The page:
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New Watersafety NZ website and 2009 Drowning report

Water Safety NZ have launched their new website and also released the 2009 Drowning Report. Not sure if windsurfing fits under 'sailing' or not but statistically it looks like sailing is about the safest thing you can do on the water (5 year average 1% of all drownings compared to around 10% each for power boats, boating and fishing).

http://www.watersafety.org.nz/

There were a total of 98 drowning deaths in New Zealand in 2009.  Water Safety New Zealand (WSNZ) has announced the annual drowning toll and released official statistics from DrownBase, the world’s leading integrated drowning database.
 
The 2009 toll is the second lowest toll since records began in 1980 and the same as in 2008.  There were 2.4 drowning deaths per capita (100,000) in 2009.  Drowning is the third highest cause of accidental death in New Zealand, behind road vehicle crashes and falls.  The drowning toll for New Zealand is still twice that of Australia, on a per capita basis.
 
The average drowning toll for the decade 2000 – 2009 is 116 deaths per annum.
 
Decade Average Drowning
Deaths Per Annum
1980’s 181
1990’s 143
2000’s 116

 
Table 1.           Average drowning deaths per annum per decade 1980-2009.
 
The effect of education, awareness and prevention initiatives delivered over 30 years is reflected in a steady decline in annual drowning deaths.
 
WSNZ General Manager, Matt Claridge says “30 years of drowning data paints a very clear picture, the water safety sector has been successful in delivering initiatives to the community that have benefitted through a reduction in drowning.”
 
“The major concern for WSNZ is what these statistics will look like in another 30 years time, as the potential outcome of the epidemic of failing learn to swim provision becomes greater.  Critically, children must learn swim and survival skills or one day be faced with a life threatening drowning incident.”
 
2009 Drowning Summary (refer attached 2009 Drowning Report for further analysis)
 
ACTIVITY
 
Activity 2009 2008 Five Year Average (2004-2008)
Recreational 53 (54%) 60 (53%)      52 (47%)
Non Recreational 28 (29%) 30 (27%) 32 (30%)
Other 17 (17%) 7 (7%) 25 (23%)

 
Table 2.           2009 Drowning - Activity
 
ENVIRONMENT
 
Environment 2009 2008 Five Year Average (2004-2008)
Rivers (20%) (40%) (35%)
Inland Still Waters 16 (16%) 9 (10%) 9 (8%)

 
Table 3.           2009 Drowning – Environment
 
ETHNICITY
 
Ethnicity 2009 2008 Five Year Average (2004-2008)
Maori 24 (25%) 18 (19%) 24 (22%)
Pacific Peoples 9 (9%) 9 (9%) 8 (7%)

 
Table 4.           2009 Drowning - Ethnicity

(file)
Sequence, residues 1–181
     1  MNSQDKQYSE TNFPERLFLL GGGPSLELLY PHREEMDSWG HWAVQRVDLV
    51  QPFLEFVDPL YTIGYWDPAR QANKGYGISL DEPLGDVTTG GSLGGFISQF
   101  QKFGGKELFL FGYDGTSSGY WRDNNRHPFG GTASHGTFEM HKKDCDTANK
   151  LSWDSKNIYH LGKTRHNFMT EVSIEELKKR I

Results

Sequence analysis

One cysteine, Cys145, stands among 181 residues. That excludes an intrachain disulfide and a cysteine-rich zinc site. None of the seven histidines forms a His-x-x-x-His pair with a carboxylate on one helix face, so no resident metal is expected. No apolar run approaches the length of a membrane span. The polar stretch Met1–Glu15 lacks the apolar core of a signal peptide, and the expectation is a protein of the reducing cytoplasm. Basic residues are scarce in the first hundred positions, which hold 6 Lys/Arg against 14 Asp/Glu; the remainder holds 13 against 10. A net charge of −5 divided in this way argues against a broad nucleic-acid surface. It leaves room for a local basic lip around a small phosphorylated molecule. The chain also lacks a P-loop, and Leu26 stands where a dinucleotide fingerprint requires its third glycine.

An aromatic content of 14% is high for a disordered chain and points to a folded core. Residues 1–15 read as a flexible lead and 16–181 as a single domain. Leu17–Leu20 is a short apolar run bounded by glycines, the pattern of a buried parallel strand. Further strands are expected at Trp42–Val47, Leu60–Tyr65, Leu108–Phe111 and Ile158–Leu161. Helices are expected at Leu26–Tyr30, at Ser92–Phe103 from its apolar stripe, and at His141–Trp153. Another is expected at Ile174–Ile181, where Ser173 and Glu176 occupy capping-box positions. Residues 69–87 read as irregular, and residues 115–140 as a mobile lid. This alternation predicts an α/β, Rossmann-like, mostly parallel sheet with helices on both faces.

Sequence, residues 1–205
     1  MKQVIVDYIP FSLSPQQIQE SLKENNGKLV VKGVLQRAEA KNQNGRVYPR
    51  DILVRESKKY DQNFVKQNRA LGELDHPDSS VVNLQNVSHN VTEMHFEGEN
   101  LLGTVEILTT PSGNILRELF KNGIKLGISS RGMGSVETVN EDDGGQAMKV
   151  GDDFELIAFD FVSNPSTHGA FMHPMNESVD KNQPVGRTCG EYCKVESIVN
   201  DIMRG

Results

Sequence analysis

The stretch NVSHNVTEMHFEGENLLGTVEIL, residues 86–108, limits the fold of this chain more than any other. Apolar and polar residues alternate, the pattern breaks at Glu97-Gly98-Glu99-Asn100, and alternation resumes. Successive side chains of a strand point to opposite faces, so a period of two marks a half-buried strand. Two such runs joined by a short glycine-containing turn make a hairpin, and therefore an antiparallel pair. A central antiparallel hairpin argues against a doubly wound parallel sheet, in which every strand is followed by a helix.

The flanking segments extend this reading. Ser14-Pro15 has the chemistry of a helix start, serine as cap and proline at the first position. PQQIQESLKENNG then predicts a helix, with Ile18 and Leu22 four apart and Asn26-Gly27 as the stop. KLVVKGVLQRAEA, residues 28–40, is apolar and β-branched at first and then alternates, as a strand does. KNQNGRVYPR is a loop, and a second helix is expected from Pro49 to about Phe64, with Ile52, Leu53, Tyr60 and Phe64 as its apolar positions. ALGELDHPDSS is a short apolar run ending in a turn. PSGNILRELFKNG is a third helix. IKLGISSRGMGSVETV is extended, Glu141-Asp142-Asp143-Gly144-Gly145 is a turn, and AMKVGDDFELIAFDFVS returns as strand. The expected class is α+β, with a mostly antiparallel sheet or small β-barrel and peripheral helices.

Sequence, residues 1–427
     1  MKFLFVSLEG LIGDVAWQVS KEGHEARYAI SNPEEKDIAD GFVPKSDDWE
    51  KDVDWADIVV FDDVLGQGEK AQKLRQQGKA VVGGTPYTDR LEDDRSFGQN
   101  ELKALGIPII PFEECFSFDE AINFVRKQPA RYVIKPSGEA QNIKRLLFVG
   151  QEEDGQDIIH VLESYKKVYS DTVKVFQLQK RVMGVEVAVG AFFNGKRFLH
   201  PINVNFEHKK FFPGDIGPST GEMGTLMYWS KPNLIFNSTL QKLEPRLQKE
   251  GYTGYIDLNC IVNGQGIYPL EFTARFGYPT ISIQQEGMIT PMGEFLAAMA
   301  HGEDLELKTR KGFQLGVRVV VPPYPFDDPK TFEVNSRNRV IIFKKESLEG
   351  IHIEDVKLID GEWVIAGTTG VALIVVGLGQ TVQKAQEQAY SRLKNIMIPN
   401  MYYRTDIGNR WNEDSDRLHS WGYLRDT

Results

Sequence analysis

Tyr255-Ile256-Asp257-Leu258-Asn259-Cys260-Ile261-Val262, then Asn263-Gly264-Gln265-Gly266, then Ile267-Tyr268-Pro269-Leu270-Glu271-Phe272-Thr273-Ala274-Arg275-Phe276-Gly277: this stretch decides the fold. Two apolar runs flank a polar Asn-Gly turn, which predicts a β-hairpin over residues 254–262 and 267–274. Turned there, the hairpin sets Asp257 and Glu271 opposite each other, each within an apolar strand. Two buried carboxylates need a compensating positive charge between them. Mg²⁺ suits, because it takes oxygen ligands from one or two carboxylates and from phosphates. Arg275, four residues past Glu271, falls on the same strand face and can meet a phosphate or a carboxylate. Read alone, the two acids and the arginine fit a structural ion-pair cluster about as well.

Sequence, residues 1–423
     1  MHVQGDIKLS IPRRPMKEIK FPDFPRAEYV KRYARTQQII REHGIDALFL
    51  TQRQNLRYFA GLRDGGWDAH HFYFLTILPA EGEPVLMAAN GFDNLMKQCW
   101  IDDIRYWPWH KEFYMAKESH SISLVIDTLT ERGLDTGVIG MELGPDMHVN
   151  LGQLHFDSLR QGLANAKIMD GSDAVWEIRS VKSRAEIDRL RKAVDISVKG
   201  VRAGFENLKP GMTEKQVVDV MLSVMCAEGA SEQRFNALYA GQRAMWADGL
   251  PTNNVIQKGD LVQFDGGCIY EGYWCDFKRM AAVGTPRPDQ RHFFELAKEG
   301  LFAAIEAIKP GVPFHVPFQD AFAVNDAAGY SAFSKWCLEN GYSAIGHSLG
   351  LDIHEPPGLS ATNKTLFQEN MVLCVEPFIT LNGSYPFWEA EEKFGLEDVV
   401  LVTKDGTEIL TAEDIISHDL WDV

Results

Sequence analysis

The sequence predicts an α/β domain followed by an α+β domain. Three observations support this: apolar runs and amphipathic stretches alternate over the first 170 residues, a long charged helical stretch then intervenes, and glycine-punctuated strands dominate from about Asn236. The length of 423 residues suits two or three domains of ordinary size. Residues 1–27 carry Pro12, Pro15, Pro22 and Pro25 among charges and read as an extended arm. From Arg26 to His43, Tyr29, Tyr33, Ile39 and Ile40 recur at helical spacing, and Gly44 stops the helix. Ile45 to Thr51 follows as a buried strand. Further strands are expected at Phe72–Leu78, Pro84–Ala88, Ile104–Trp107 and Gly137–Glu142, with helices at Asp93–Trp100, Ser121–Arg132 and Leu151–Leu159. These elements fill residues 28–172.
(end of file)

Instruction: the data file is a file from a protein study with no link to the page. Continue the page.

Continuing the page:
AGE
 
Age 2009 2008 Five Year Average (2004-2008)
00-04 years 9 (9%) 7 (7%) 7 (6%)

 
Table 6.           2009 Drowning – Age
GENDER
 
Gender 2009 2008 Five Year Average (2004-2008)
Male 83 (85%)   83 (76%)
Female 15 (15%)   26 (24%)

 
Table 5.           2009 Drowning – Gender
 
There is concern for the increase in Powered Boating related drowning with 12 in 2009 compared with recent year figures of five (2008), six (2007), 8 (2006) and 5 (2005).  The five year average (2004 – 2008) is six.  Furthermore, Underwater related drowning (Scuba Diving, Snorkelling and Freediving have nearly doubled from five (4%) in 2008 to nine (9%) in 2009.
 
Claridge continues:  “water safety education, awareness and prevention initiatives continue to work towards providing New Zealanders with the skills and knowledge to enjoy the water safely.  The recreation based drowning toll is often driven by ignorance and a blasé attitude to safety.  This is the case once again, with a high number of boating incidents and more males drowning than expected.” 
 
“The message to boaties is take a Coastguard Boating Education course, for males; make sure you know what you’re doing before attempting a new activity, it’s often beneficial to ask for advice about fishing and diving. For parents, quite simply, take a role in helping your children enjoy the water for life.  Help them learn to swim and develop survival skills, ensure they have a positive attitude to water safety from a young age.”
 
Claridge concludes “Water safety should be an inherent part of our culture; it shouldn’t be limited to a fad or trend for two – three months of the year when good weather and holidays coincide.”

AttachmentSize
MR Drowning Report 2009.pdf140.84 KB
2009 Drowning Report_Provisional.pdf3.59 MB

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